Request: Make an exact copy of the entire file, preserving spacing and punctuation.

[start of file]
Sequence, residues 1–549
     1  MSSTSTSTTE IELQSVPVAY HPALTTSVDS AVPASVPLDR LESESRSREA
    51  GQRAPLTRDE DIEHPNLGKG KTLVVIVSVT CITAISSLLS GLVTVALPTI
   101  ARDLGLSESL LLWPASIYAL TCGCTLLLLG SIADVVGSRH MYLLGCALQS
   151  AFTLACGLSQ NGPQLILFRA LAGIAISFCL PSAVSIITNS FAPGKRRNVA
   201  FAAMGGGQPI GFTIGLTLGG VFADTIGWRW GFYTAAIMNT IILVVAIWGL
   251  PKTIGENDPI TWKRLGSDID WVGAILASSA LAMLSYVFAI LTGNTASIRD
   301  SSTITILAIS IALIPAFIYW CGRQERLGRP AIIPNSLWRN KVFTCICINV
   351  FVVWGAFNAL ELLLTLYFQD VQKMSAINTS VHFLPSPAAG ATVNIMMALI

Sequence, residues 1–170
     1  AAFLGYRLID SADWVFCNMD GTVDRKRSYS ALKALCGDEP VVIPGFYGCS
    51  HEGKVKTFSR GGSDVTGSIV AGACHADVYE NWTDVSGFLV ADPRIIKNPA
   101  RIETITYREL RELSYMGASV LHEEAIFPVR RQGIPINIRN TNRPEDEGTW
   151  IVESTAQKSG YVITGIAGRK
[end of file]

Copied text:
Sequence, residues 1–549
     1  MSSTSTSTTE IELQSVPVAY HPALTTSVDS AVPASVPLDR LESESRSREA
    51  GQRAPLTRDE DIEHPNLGKG KTLVVIVSVT CITAISSLLS GLVTVALPTI
   101  ARDLGLSESL LLWPASIYAL TCGCTLLLLG SIADVVGSRH MYLLGCALQS
   151  AFTLACGLSQ NGPQLILFRA LAGIAISFCL PSAVSIITNS FAPGKRRNVA
   201  FAAMGGGQPI GFTIGLTLGG VFADTIGWRW GFYTAAIMNT IILVVAIWGL
   251  PKTIGENDPI TWKRLGSDID WVGAILASSA LAMLSYVFAI LTGNTASIRD
   301  SSTITILAIS IALIPAFIYW CGRQERLGRP AIIPNSLWRN KVFTCICINV
   351  FVVWGAFNAL ELLLTLYFQD VQKMSAINTS VHFLPSPAAG ATVNIMMALI

Sequence, residues 1–170
     1  AAFLGYRLID SADWVFCNMD GTVDRKRSYS ALKALCGDEP VVIPGFYGCS
    51  HEGKVKTFSR GGSDVTGSIV AGACHADVYE NWTDVSGFLV ADPRIIKNPA
   101  RIETITYREL RELSYMGASV LHEEAIFPVR RQGIPINIRN TNRPEDEGTW
   151  IVESTAQKSG YVITGIAGRK